In a home where the young people are closely attentive to their devices, two-year-old Cal isn’t limited by a screen. He operates with a little bit of whimsy and a lot of moxie.

I envy his flexibility.

In a time when people are defined by the circumstances of social distancing and a virus that refuses to be fully understood, we’re all struggling to figure out how to do life responsibly and well.

Not a concern for Cal. His focus is on what’s happening now. How he can be engaged in the present.

With additional adults around giving him consistent attention, he’s become quite the singer and dancer. New skills he’s embraced with joy. Definitely an auditory learner, he’s picked up songs from “The Greatest Showman” and is even beginning to learn some from “Les Miserables”.

He doesn’t know all the words or the moves, but he makes up for it with enthusiasm.

The little guy can really hit the high notes.

We’re all doing life differently right now. It’s made me more aware of how I want to show up on a day-to-day basis since what people see of me is often just on Zoom or FaceTime.

How am I communicating my two-dimensional self to people who have three-dimensional needs?

I’ve had to re-evaluate priorities, rethink methods, restructure how I do my job. It’s been very doable, something that has been a pleasant surprise.

What I’ve found is that it’s also easy for me to become dependent on my screens and devices for engagement. To limit my thinking and doing to technology.

I’m becoming my grands!

With the tension of the virus and the need to reopen businesses equally as critical, we’re all being asked to think differently, to evaluate how we do life differently. Everyone needs to make their own decisions about what they should do.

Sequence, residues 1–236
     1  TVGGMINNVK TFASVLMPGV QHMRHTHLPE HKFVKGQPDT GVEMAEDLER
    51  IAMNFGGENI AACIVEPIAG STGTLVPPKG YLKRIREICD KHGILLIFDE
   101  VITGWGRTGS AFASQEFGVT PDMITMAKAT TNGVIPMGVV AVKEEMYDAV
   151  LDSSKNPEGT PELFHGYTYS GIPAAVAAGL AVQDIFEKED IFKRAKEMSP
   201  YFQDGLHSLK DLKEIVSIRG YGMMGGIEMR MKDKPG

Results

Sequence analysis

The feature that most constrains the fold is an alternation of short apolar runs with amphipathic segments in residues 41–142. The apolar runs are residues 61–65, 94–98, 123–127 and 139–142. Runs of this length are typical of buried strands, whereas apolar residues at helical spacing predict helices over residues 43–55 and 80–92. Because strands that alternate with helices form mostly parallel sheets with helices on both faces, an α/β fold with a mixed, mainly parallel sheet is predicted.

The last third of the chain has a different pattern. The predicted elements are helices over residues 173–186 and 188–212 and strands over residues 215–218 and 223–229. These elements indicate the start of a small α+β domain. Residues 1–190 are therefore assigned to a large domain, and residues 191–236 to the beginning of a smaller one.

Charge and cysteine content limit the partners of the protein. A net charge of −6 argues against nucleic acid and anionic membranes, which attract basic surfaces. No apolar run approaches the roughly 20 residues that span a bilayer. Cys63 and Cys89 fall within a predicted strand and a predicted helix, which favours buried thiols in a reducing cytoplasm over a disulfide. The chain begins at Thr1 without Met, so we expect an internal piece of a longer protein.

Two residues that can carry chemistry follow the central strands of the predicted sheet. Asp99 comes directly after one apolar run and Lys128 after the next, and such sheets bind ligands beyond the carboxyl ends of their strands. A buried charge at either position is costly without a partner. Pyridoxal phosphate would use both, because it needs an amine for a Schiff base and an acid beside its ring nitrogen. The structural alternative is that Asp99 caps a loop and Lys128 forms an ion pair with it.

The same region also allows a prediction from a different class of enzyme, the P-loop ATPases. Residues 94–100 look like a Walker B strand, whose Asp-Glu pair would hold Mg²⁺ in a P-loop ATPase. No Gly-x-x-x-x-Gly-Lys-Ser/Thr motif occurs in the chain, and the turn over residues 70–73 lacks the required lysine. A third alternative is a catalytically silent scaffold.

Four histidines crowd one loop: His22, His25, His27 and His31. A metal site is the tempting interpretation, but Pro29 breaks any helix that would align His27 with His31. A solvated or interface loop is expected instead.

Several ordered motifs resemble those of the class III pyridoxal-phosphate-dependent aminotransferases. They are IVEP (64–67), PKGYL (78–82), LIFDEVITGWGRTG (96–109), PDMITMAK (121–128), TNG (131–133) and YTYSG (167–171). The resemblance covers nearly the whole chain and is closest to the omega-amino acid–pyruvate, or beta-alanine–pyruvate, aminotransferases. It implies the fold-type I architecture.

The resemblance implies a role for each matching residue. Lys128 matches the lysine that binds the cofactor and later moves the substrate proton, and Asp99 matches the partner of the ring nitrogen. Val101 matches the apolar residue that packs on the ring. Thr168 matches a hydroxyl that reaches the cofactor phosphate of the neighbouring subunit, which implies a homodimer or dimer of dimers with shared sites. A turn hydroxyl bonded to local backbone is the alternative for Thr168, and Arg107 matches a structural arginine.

No judgment.

It’s not just about ourselves. It’s how we care for others who are hurting worse than we are. We need to see others who aren’t as fortunate with jobs and health as more important than we are.

I need to embrace an attitude of generosity that seeks to give to and encourage others. Not obsessing about what isn’t working for me now, what I can’t have or do because of limitations.

I watch Cal, who lives fully for the moment. He enjoys what he can do, even though his own freedoms have been limited by living with us and not having opportunities to play with others as he loves to do. He’s not whining about what he doesn’t have or can’t do.

He’s making the most of what can be done. And right now, that’s singing at the top of his lungs to the same song over and over again.

We have no more control over our circumstances than Cal has. He’s living out who he is with what he knows to be true.

God is in the midst of these circumstances if we’re willing to see Him. He’s challenging us to be the people He’s made us be–compassionate, kind, generous. Qualities we really can’t fully live from apart from Him in us.

Who will I be today?

Who will I live for today?

 

 

 

 

 

 

2 responses »

  1. kevinjyoung says:

    This brought a smile to my inner man today, thinking about Cal, and how children seem so much more adaptable than grown ups. It’s true of my own grand children, and reminds me of the child like trust God wants me to have every day. Thanks for that reminder, especially during these days.

    • daylerogers says:

      You’re kind, my friend. And so right about children being adaptable and trusting God with genuineness and openness that I lack. Especially during these times.

Leave a Reply

Fill in your details below or click an icon to log in:

WordPress.com Logo

You are commenting using your WordPress.com account. Log Out /  Change )

Google photo

You are commenting using your Google account. Log Out /  Change )

Twitter picture

You are commenting using your Twitter account. Log Out /  Change )

Facebook photo

You are commenting using your Facebook account. Log Out /  Change )

Connecting to %s

This site uses Akismet to reduce spam. Learn how your comment data is processed.